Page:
Amnesty International: 'Police have been making an excessive use of force'

Spokesperson Adriana Ribas agrees that ‘violence’ must be isolated, but that people should not be scared to protest peacefully either

Amnesty International coordinator and spokesperson Adriana Ribas on October 21, 2019 in Barcelona (by Cristina Tomàs White)
Amnesty International coordinator and spokesperson Adriana Ribas on October 21, 2019 in Barcelona (by Cristina Tomàs White) / Cristina Tomàs White

Cristina Tomàs White | Barcelona

October 22, 2019 12:26 PM

On Monday, October 14, 2019, Spain’s Supreme Court announced its verdict on the leaders behind the failed 2017 independence bid, sentencing 9 of them to up to 13 years for sedition.

This decision immediately sparked protests in Barcelona and throughout Catalonia, with hundreds of thousands of people demanding independence and the release of the "political prisoners."

Although most demonstrations were peaceful overall, most nights last week saw scenes of extreme tension and unrest with police charges as well as dumpster barricades set on fire and much damage to urban furniture, especially in Barcelona. 

Last Friday, Amnesty International published a report - SPAIN: Authorities must de-escalate tensions and guarantee the right to public assembly - urging "all authorities to take every necessary measure to support peaceful assembly and allow all people to freely and safely express their beliefs."

Amnesty International's director for Europe Marie Struthers spoke to the Catalan News Agency, calling the high number of people injured at protests "worrying" and said that the "Spanish and Catalan police's excessive use of force was not acceptable."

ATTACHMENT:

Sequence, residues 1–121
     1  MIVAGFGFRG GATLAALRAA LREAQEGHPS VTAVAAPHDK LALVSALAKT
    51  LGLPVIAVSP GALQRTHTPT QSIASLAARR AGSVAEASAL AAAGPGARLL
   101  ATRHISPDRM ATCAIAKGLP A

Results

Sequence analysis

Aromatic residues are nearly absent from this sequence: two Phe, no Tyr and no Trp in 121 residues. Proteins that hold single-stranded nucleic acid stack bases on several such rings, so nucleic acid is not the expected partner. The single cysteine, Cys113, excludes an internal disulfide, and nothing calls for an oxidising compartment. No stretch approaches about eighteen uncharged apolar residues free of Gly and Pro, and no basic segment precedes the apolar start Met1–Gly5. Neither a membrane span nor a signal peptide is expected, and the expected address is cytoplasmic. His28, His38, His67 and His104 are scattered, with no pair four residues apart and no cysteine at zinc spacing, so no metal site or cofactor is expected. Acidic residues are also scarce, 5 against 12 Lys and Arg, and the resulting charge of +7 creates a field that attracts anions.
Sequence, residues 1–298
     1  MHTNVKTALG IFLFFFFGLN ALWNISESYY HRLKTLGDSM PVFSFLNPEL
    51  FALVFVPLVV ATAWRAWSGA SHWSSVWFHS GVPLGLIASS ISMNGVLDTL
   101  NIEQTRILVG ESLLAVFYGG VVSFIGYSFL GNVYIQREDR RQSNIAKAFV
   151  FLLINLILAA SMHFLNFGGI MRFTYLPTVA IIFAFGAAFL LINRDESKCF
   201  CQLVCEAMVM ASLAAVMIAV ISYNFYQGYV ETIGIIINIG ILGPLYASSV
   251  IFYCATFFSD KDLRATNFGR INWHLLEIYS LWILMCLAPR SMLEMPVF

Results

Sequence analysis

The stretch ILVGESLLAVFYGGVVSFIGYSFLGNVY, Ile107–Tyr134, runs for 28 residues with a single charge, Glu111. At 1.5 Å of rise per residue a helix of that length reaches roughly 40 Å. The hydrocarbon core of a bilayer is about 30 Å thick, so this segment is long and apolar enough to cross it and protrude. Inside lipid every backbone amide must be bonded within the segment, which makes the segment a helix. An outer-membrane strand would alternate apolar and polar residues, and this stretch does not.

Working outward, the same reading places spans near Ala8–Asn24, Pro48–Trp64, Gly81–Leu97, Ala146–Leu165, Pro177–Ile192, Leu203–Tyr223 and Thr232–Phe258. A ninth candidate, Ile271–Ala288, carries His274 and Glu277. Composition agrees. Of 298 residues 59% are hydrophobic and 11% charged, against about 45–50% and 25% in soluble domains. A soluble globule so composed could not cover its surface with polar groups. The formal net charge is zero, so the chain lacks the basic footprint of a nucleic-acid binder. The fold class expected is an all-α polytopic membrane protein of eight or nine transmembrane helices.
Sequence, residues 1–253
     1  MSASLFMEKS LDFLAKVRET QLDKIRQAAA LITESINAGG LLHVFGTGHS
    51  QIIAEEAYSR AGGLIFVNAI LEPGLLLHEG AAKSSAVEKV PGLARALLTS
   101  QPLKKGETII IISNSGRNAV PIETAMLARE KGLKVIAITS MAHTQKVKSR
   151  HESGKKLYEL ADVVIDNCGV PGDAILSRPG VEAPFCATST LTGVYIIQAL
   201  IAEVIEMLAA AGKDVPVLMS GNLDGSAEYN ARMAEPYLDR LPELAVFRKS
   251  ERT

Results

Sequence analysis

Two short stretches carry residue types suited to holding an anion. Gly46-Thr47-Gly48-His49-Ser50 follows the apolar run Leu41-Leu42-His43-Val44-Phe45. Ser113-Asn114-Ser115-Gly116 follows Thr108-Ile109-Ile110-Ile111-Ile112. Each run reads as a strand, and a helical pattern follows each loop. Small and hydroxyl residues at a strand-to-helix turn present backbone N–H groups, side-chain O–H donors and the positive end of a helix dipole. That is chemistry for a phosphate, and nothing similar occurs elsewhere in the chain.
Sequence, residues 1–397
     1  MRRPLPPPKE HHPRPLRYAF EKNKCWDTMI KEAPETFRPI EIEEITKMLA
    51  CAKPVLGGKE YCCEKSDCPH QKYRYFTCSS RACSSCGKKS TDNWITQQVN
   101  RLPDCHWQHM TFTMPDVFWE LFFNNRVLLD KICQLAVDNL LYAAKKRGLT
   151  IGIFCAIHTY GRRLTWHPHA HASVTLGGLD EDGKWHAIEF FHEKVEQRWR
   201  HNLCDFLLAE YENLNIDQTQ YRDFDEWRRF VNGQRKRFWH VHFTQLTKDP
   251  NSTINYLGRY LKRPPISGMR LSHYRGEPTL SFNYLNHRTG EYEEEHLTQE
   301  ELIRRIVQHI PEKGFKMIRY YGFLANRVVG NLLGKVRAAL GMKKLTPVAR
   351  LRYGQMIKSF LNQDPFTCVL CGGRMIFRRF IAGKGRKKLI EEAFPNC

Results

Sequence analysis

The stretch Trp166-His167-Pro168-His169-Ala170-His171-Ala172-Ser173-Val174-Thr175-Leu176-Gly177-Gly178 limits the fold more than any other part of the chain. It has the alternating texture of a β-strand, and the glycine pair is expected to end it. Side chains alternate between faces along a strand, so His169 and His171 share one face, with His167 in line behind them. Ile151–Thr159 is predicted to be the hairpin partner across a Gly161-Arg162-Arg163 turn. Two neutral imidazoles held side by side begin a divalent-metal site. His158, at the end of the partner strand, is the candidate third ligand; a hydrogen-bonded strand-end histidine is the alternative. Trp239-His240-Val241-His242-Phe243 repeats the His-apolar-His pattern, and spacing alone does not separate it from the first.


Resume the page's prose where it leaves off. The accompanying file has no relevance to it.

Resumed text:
Catalan News also spoke to Amnesty International Catalonia coordinator and spokesperson Adriana Ribas to find out more about the human rights organization’s stance on the turmoil in Catalonia as well as the role of the authorities in controlling it, particularly the police. 

"A team has been monitoring the situation and has found that both the Spanish and the Catalan police have been making an excessive use of force and misusing riot control equipment like batons or rubber and foam bullets," Ribas explained. 

As for excessive force, monitors have also confirmed and condemned the use of the practice known as the 'carousel' in which police vans charge at crowds at full speed to disperse them. This was also witnessed by Catalan News reporters at Barcelona’s Plaça Catalunya last Friday. 

While fully recognizing "the police’s tough job" and that the "violence" of certain protesters should be "isolated," Ribas said that police crowd control actions should be used only when needed and in a proportionate manner so that those who wish to peacefully display their discontent in public can do so without fear. 

A total of 593 injuries were reported during the week of turmoil, with 13 people still in hospital. 

Four people lost an eye, and although Catalan health minister Alba Vergés affirmed that it is "medically impossible to prove" that these were the result of rubber or foam bullets fired by police officers, she said that "it is clear what has been happening these days," lamenting their use despite being prohibited by the Catalan parliament.

The Amnesty report also describes scenes of excessive use of force "including inappropriate and unjustified use of batons and other defensive equipment against people who posed no risk, including journalists and people who have already been subdued by security forces who even so continued to be beaten in the head and upper body."

When asked what the authorities should do to improve the conflict, Ribas stated that they should "de-escalate the tense situation" so that "everyone that wants to protest peacefully can do so without being scared."

Amnesty's report comes days before the Council of Europe's Commissioner for Human Rights, Dunja Mijatović, issued a statement urging Spain to investigate "abusive use of force by law enforcement officials."